Since this is our inaugural year for The Vikies, we're taking a more in-depth look at each category and nominee to help give you some context for the awards.
Every year there are a number of high profile box office disappointments, and almost without fail, a handful of them turn out to be great movies that audiences unfairly ignored. Here are five of the best "box office bombs" that didn't deserve to be saddled with such a title.
When my pre-ordered copy of this film arrived this weekend, I couldn't wait to throw it on again and see the film in 3D since it was no longer showing in 3D when I finally got around to seeing this on Christmas Eve. Within five minutes, I was once again floored by the apathy with which this film was greeted in its original theatrical release. While certainly not Pixar's best effort, even within the calendar year, The Good Dinosaur is marred by pacing problems and an episodic plot that is more often hindrance than help, but this film has one of the softest cores in a Pixar film since Monsters, Inc. and I feel that time will be very very kind to this beautiful little film.
While none of Aardman's movies have ever set the North American box office ablaze, I was particularly disheartened that this film was quietly dropped into theaters in the box office doldrums of August. A lively, quick adventure that could be equally enjoyed by people from 4-104, this charming film was ignored by audiences who would have rather taken the kids to see Minions or Inside Out again than try something new. Aardman always offers something different and unique, and this film was no exception. It honestly just came out at a bad time, because it's as close to perfect as any film got this year.
At a time where cynicism reigns supreme, especially in the multiplex, Tomorrowland was a breath of fresh optimistic air it seemed no one had the patience for in late May. While the advertising campaign was purposefully cagey, Brad Bird is on the shortlist of directors for whom I think a little leeway goes a long way. While the film wasn't an unqualified success and suffered from the same third act problems that plague everything co-writer Damon Lindelof touches, it was a great film for pre-teens and their parents, particularly parents raised on The Wonderful World of Disney and other boldly optimistic experiments of the 1950s. The film has its fair share of problems, but offering hope and solutions in a time when no one seems to want to isn't one of them.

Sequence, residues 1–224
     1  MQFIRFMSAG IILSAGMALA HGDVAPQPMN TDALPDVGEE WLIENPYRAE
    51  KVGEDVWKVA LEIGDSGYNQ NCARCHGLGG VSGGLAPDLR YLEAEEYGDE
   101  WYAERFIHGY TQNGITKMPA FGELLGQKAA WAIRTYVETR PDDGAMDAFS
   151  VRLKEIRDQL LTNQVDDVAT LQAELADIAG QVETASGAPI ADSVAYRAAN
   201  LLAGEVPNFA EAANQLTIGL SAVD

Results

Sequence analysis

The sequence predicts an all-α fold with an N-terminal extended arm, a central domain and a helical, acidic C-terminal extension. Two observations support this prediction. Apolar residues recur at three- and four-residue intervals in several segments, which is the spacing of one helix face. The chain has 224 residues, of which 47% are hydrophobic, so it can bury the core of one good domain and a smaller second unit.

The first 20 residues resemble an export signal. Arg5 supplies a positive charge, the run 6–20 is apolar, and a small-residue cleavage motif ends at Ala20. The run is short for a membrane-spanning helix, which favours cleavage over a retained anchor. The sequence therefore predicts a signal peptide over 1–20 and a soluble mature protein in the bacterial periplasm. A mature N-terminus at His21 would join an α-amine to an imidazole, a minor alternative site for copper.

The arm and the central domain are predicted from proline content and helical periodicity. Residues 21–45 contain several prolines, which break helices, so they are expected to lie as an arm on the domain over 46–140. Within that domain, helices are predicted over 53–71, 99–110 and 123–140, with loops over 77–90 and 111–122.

Decent thrillers are harder and harder to come by these days, and though The Gift was certainly one of them, it's more famous for being another victim of a terrible late summer release date. The directorial debut of Joel Edgerton wonderfully toys with its characters, and in turn the audience, making for an above average potboiler. While it's not one of the year's best, by any stretch of the imagination, it's a chilling and fun film that somehow manages to stick the landing despite everything seeming to conspire against such a feat. Add in a career best dramatic performance from Jason Bateman, and you've got one of last year's most overlooked films.
What We Do in the Shadows
If narrow audience appeal has been a prominent theme on this list, Thor: Ragnarok & Hunt for the Wilderpeople director Taika Waititi's vampire mockumentary might have the narrowest appeal of them all. This Kiwi comedy features Flight of the Conchords star Jemaine Clement, along with Waititi, Jonny Brugh, and Ben Fransham play undead flatmates struggling to survive in a world that's no longer kind to immortals. Their macho posturing and fits of insane violence provide some of the biggest laughs in the film, but more than anything else, it's nice to have a mockumentarian not named Christopher Guest turn out an hysterical entry in the genre.
Click here to see the full list of nominees and check back later this week as we dig into our Best Movie category before presenting the winners this Friday, February 26!